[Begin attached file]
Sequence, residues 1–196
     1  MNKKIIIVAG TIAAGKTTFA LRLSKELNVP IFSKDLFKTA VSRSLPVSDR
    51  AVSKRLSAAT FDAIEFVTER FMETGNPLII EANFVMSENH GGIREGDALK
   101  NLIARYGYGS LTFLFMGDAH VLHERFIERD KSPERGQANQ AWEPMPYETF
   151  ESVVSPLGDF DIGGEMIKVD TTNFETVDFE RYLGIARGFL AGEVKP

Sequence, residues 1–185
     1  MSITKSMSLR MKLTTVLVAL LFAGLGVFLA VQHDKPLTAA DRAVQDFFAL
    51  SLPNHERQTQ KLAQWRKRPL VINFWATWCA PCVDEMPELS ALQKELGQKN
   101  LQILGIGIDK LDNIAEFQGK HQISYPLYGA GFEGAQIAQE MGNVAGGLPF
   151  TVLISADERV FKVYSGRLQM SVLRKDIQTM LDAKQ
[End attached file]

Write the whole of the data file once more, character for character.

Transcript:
Sequence, residues 1–196
     1  MNKKIIIVAG TIAAGKTTFA LRLSKELNVP IFSKDLFKTA VSRSLPVSDR
    51  AVSKRLSAAT FDAIEFVTER FMETGNPLII EANFVMSENH GGIREGDALK
   101  NLIARYGYGS LTFLFMGDAH VLHERFIERD KSPERGQANQ AWEPMPYETF
   151  ESVVSPLGDF DIGGEMIKVD TTNFETVDFE RYLGIARGFL AGEVKP

Sequence, residues 1–185
     1  MSITKSMSLR MKLTTVLVAL LFAGLGVFLA VQHDKPLTAA DRAVQDFFAL
    51  SLPNHERQTQ KLAQWRKRPL VINFWATWCA PCVDEMPELS ALQKELGQKN
   101  LQILGIGIDK LDNIAEFQGK HQISYPLYGA GFEGAQIAQE MGNVAGGLPF
   151  TVLISADERV FKVYSGRLQM SVLRKDIQTM LDAKQ